-
x

Meet New Friends!

Recommended friends are based on your interests. Make sure they are up to date.

Friends ff8c072dd79a91c1300f032d674241a8d64367100ffb1f25fa3f9bec4a05319f
Kidzworld Logo

Star of Stone (Century Quartet Book 2) Book Review

Star of Stone (Century Quartet Book 2) Book Review - Reviewed by Kidzworld on Dec 10, 2010
( Rating: 4 Star Rating)

Four friends follow coded postcards in their quest to save the world. Check out Star of Stone, book 1 in the Century Quartet.

Title: Star of Stone
Authors: P.D. Baccalario
Ages: 10+
Rating: 4


A new mystery brings friends Harvey from New York, Sheng from Shanghai, Elettra from Rome, and Mistral from Paris together in the Big Apple, along with their adult friend Ermete. But this mystery stems from the last. In book one, The Ring of Fire, the four kids were given a briefcase by a man named Alfred Van Der Berger, who was murdered shortly after. Inside they found four tos tops that they risked their lives to protect.


Courtesy of Random HouseCourtesy of Random House

The Postcards

In Star of Stone, the kids learn about Alfred Van Der Berger’s life back in New York, and follow a series of postcards that he wrote, each containing a numerical code. The postcards take them all around NYC in search of something called the Star of Stone. But they’re being hunted by a grotesque night club owner and his band of beautiful, violent women.


The End of the World

Meanwhile, Harvey’s dad, an oceanographer, has learned about a drastic rise in the ocean’s temperatures—a rise that could cause the end of the world.


The Bottom Line

Century Quartet #2: Star of Stone is much more engaging than the first book, The Ring of Fire. Not only do you learn about interesting historical facts, but you get a good sense of New York City. The characters are more developed and the potential for the end of the world is much more intense. We can only imagine what will happen in books three and four.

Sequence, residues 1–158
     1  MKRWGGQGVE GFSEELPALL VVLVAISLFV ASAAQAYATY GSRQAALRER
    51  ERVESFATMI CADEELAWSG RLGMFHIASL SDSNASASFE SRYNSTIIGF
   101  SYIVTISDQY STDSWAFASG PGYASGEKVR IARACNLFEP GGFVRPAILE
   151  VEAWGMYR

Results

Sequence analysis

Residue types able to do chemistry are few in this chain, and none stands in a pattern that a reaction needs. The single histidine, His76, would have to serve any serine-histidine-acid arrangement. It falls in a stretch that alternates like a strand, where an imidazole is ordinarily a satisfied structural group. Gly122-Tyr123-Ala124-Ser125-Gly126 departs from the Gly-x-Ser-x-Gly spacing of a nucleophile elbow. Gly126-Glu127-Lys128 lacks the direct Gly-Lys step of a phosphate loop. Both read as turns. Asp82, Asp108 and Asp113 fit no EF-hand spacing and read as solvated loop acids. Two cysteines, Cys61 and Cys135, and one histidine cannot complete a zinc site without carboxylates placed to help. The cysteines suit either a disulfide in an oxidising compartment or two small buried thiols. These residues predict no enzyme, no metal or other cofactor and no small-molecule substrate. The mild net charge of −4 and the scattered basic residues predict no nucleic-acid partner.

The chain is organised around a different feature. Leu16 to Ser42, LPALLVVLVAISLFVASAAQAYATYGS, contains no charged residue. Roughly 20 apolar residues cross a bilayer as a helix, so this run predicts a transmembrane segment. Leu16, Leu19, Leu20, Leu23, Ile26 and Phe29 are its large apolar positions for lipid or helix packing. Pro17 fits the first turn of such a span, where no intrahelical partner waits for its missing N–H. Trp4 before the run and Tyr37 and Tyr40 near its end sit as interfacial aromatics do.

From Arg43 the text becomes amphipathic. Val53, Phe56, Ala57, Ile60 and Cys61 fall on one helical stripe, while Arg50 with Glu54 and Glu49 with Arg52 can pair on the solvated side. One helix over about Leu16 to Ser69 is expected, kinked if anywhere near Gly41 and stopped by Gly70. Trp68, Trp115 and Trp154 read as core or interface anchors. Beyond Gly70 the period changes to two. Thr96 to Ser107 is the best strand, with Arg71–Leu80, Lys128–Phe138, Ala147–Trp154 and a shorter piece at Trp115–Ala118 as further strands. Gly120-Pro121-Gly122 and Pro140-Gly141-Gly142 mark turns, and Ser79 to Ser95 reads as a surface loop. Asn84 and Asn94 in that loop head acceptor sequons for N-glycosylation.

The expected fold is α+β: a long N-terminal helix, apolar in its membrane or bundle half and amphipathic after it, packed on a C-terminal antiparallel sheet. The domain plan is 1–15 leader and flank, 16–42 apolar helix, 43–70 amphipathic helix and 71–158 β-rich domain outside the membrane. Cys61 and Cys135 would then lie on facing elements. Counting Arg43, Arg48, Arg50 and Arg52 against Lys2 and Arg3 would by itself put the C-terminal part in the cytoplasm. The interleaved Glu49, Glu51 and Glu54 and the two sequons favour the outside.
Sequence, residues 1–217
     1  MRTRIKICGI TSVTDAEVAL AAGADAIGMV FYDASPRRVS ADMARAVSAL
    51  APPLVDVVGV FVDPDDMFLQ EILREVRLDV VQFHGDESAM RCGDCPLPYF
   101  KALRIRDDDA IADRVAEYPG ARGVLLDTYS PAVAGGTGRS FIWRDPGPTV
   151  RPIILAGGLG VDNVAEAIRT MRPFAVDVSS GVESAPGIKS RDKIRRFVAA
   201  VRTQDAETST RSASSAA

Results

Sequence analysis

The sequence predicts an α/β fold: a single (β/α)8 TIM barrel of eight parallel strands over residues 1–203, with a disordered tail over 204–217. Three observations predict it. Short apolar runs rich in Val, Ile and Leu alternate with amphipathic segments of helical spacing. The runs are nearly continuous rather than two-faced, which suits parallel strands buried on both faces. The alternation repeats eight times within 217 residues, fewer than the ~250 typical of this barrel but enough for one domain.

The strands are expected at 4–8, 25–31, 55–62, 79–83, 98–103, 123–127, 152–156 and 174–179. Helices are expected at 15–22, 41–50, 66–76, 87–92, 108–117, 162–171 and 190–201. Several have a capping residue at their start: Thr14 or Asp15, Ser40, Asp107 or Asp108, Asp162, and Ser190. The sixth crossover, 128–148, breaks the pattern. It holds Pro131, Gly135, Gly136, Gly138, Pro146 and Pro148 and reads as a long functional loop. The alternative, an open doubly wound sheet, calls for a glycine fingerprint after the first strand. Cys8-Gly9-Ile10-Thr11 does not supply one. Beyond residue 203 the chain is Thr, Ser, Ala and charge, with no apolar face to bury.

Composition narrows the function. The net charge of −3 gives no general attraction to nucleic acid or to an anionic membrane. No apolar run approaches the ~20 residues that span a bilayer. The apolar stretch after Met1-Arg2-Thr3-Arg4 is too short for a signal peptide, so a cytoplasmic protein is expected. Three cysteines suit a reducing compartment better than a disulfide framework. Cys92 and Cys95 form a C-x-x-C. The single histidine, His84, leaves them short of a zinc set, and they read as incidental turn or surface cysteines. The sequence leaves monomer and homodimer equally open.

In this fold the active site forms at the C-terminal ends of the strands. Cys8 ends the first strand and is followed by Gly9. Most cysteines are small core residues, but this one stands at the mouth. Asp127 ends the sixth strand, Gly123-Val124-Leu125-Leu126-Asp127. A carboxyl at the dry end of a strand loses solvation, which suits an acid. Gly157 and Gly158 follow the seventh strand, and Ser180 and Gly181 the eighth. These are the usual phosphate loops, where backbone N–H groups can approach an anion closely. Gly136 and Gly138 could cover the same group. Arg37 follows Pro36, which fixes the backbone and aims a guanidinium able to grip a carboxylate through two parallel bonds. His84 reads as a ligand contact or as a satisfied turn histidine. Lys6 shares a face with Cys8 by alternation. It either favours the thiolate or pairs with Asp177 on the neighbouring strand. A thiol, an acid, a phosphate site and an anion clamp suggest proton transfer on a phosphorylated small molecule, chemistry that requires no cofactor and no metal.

Related Stories
2 Comments

Related Stories

Micro thesight micro
In Judy Blundell's two book collection, The Sight: Premonitions and Disappearance, Gracie investi...
Micro sixtyeightrooms micro
While visiting the Thorne Rooms exhibit at the Chicago Art Institute, best friends Ruthie and Jac...
Micro starforest gallery
Star In The Forest by Laura Resau is one of those books you can’t put down. It’s about immigratio...
Poll

Creepiest Place for a Mystery?

  • Graveyards, duh!
  • Spooky old houses.
  • Anywhere late at night.
  • Math class. Aaah!

General In The Forums

drowning
drowning posted in Debating:
"ImagineOrdinary" wrote: It was a creation to keep us "straight" and scheduled.  We've been taught to fear time and told that we never truly have enough of it. For this, we strive to keep organized and complete the things we're told to do so we feel as if we have done many things in the time we did have.
reply about 2 hours
drowning
drowning posted in Debating:
Night. Day dreaming is hard for me to do, including rare. It's a lot more realistic and intense when you're asleep. :^)
reply about 2 hours
Hellowassuplol
I do because I think it doesn't  matter it's just like you care about them and you love them also support them.
reply about 12 hours
AlphaT
AlphaT posted in Debating:
"blackveilbrides15" wrote: Can't we just accept people for who they are or is that just  to much to ask! Of course we can. For instance, I accept Caitlyn Jenner as a male, no matter how much he thinks he's a female. 
reply about 12 hours
ImagineOrdinary
I day dream ALL day and can control my dreams, so I can't really pick one lol  Though night dreaming is more real and I can see the image till I go into the 2-5 stage of sleep.
reply about 17 hours